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Not Receiving Influenza Vaccinations Increases Infant Mortality

Monday, July 8th, 2013

There has been a lot of talk about vaccinations in the past several years, and the camp of people on the side of going vaccination-free is getting bigger every year. That is something that frightens me as a doctor, as vaccinations are the single most effective way to prevent disease, not just among individuals but also among the general population, known as herd immunity.  Vaccination acts as a “firewall” in the spread of disease.  In herd immunity, the more folks that are vaccinated against a contagious disease, the less likely a single individual will become infected.

However, part of being a doctor is a willingness to look at all the evidence as it is presented to you. As the debate about vaccinations continues, an increasing number of researchers are looking at the effects that vaccinations have on individuals, and whether they have the potential to do more harm than good among certain groups.

Pregnant women are a group of major concern. There are a lot of steps and preventative measures that a woman must take in order to maintain the health of her child while she is pregnant, and vaccinations have always been recommended to prevent the devastating effects of the Influenza virus. Doctors in one study have conducted research on pregnant women and the influenza virus, as well as the mortality rates in the infants of those that choose not to be vaccinated.  While vaccinations against the Influenza virus pose no significant threat to women or to their unborn children, women who go without the vaccination show much higher rates of infection, and those that were infected show much higher rates of fetal mortality.  Another vaccine, known as Tdap, for tetanus, diptheria and pertussis (whooping cough), should be administered to all pregnant women in their third trimester (27 weeks to 36 weeks) in order to maximize the maternal antibody response and passive antibodies that will protect the newborn.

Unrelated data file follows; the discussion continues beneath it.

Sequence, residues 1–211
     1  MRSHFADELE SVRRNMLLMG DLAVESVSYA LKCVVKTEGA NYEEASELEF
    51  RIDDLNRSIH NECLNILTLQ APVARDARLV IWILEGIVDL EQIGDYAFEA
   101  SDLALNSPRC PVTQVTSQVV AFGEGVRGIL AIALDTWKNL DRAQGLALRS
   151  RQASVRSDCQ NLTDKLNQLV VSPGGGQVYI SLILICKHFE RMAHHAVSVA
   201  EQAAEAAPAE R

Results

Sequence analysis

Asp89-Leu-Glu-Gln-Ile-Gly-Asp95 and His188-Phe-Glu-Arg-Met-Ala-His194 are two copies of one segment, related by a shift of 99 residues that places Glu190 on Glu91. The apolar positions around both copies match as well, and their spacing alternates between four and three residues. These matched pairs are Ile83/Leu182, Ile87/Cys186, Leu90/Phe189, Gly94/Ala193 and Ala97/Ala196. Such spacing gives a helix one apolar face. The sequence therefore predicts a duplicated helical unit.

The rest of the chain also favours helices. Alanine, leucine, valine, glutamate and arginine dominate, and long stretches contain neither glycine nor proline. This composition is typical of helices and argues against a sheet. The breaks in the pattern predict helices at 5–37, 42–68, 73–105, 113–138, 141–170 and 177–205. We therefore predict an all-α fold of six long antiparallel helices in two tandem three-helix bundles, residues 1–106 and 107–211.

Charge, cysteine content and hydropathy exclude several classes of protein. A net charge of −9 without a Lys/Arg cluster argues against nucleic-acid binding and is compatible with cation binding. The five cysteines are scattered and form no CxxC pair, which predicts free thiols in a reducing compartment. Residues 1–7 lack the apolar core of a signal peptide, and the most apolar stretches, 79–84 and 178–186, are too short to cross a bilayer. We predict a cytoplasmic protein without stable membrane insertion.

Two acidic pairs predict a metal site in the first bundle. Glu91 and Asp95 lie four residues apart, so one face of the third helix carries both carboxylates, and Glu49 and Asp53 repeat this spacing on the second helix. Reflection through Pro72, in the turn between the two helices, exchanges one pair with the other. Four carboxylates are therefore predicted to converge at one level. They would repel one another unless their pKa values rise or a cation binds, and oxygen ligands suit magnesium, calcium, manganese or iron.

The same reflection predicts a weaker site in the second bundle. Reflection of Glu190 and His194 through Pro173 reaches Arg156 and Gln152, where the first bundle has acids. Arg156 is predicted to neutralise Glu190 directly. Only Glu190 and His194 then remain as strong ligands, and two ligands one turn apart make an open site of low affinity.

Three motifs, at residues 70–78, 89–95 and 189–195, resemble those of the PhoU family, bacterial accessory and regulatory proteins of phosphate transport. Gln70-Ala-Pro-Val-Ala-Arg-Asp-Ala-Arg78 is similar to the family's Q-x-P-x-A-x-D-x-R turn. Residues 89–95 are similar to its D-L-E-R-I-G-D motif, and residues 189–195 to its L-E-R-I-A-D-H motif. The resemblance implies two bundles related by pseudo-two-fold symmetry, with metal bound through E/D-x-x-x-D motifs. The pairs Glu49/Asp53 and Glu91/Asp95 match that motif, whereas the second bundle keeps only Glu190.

The results are not surprising to doctors, but they are worrying when you take into consideration the fact that this year, many women will choose not to be vaccinated, and will choose not to vaccinate their children. While many trends are silly but otherwise harmless, this “popular” trend could be absolutely devastating. There are certain vaccinations that should not be performed during pregnancy, such as measles, mumps and rubella (MMR), varicella (chickenpox), zoster (shingles), anthrax, BCG (tuberculosis), Japanese encephalitis, typhoid, yellow fever and smallpox, but women should trust their doctors to guide them in the right direction when it comes to making these decisions about the necessary vaccinations.  Choosing to vaccinate against Influenza, even while pregnant, poses virtually no risks. Choosing not to vaccinate could be a big mistake.

– Yvonne S. Thornton, M. D., M. P. H.